Found: Attractive Blue Ice and 219 Meteorites
NASA, the National Science Foundation, and the Smithsonian Institution announced in November 2016 their renewed, interagency cooperative agreement to search for, recover, classify, curate, and distribute Antarctic meteorites. Since 1976 ANSMET—the Antarctic Search for Meteorites program has been an integral part of this partnership, fielding the teams of plucky people who have collected, so far, about 22,000 meteorite specimens.
The ANSMET 2016-2017 team concluded a successful season in the Elephant Moraine (EET) icefields collecting 219 meteorites that are now in transit to the Antarctic Meteorite Laboratory at the NASA Johnson Space Center in Houston, Texas. ANSMET's legendary flexibility and grit in the face of obstacles due to weather and logistical cutbacks helped to ensure this season's ultimate success. Their field notes
are a true-life adventure story. The photo, below, shows a meteorite about to be picked up with tongs and bagged.
2016-2017 ANSMET Team Members Deployed to the Field
|Ralph Harvey*, Principal Investigator, Case Western Reserve University, Ohio|
|Jim Karner*, science lead, Co-I, Case Western Reserve University, Ohio|
|Alex Meshik*, Washington University in St. Louis, Missouri|
|David "Duck" Mittlefehldt*, NASA Johnson Space Center, Houston, Texas|
|Jani Radebaugh*, Brigham Young University, Provo, Utah|
|Minako Righter, University of Houston, Texas|
|Brian Rougeux*, mountaineer|
|John Schutt*, head mountaineer and field safety officer, Case Western Reserve University, Ohio|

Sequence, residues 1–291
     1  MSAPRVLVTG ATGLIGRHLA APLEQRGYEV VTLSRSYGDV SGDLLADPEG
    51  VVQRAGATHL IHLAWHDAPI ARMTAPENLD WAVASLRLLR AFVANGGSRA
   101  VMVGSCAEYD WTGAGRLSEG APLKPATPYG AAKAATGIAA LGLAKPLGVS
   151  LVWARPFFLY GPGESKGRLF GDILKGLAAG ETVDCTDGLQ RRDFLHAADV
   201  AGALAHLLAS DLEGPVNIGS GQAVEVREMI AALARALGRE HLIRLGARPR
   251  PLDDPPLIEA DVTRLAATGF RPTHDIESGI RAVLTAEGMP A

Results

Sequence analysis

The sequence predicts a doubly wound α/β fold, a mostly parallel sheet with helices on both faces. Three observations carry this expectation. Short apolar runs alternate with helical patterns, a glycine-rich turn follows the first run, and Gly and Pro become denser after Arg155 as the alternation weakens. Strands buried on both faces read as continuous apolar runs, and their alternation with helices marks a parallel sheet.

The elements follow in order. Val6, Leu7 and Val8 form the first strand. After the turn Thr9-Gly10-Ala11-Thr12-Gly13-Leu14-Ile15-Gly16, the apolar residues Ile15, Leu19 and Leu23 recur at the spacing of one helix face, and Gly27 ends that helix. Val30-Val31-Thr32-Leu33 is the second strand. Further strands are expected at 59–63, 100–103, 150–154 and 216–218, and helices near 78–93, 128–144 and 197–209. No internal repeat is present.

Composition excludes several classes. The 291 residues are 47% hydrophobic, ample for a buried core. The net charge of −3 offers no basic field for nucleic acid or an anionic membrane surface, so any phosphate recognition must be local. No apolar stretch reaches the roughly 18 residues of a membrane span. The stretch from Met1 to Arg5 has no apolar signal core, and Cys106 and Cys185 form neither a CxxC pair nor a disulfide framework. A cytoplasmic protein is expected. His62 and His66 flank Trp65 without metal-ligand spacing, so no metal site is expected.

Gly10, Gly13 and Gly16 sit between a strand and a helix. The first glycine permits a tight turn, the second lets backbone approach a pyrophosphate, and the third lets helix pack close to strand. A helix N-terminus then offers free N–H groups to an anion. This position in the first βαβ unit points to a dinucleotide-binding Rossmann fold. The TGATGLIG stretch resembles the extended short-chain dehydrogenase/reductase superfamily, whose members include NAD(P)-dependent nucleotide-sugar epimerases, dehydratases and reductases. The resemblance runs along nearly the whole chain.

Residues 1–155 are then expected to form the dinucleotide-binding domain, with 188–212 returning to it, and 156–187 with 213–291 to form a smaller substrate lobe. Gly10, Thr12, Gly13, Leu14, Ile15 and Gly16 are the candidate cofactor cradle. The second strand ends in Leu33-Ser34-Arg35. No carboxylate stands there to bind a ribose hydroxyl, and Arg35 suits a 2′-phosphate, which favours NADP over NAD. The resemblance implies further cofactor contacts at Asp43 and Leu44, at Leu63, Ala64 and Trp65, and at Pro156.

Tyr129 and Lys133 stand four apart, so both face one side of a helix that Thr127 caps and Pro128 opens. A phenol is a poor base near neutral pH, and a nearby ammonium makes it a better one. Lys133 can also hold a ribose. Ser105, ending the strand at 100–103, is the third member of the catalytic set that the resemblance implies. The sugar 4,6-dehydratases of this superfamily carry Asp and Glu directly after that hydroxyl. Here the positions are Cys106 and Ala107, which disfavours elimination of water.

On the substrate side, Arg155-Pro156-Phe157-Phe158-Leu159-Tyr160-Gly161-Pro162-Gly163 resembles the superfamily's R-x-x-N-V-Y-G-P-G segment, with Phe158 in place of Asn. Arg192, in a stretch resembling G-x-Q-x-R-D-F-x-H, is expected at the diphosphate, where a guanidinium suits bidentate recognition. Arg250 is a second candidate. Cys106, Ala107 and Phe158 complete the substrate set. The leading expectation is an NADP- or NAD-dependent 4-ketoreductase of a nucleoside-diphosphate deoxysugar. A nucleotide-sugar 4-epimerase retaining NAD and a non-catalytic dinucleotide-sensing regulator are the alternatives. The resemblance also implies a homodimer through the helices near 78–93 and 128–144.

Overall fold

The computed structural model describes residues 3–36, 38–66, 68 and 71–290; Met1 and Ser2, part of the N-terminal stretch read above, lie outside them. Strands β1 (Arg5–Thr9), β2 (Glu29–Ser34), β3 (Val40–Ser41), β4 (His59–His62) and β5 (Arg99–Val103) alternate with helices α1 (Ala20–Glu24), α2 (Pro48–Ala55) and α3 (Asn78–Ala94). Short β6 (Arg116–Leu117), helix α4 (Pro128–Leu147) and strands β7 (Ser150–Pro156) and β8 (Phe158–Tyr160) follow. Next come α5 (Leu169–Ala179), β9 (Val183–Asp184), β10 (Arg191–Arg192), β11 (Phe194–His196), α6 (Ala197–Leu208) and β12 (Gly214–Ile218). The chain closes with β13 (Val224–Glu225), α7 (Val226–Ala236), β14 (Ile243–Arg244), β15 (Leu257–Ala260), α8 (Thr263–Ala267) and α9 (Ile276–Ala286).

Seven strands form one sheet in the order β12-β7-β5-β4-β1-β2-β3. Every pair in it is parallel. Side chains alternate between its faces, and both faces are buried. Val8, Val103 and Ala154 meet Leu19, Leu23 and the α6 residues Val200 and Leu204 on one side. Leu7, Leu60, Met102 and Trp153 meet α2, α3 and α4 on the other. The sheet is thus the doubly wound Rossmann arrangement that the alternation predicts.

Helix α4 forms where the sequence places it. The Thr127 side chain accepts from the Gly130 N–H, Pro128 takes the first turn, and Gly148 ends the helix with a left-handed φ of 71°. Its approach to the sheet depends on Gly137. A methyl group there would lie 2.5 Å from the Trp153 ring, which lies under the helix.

Veterans of previous seasons are marked with an asterisk (*). Harvey and Mittlefehldt did pre-season reconnaissance aerial surveys and field work, respectively.
The steady supply of extraterrestrial materials recovered by the ANSMET program has allowed us to read the cosmochemical and dynamical histories of the solar nebula
and our Solar System. These specimens have expanded our understanding of planet formation and even the delivery of water and other volatiles
to Earth, essential for life itself. Big insights from small rocks.
Scientists may request meteorite samples through formal applications to the Meteorite Working Group; see information from the NASA Johnson Space Center: curator.jsc.nasa.gov/antmet/forms/
For more information see: the ANSMET website,
the February 2017 Antarctic Meteorite Newsletter, and from
PSRD: Meteorites on Ice, and
Searching Antarctic Ice for Meteorites.
Also see: 35 Seasons of U.S. Antarctic Meteorites (1976-2010): A Pictorial Guide to the Collection, edited by K. Righter, C. Corrigan, T. McCoy, and R. Harvey. American Geophysical Union and John Wiley & Sons, Inc., December 2014, 320 pages.
Written by Linda Martel, Hawai'i Institute of Geophysics and Planetology, for PSRD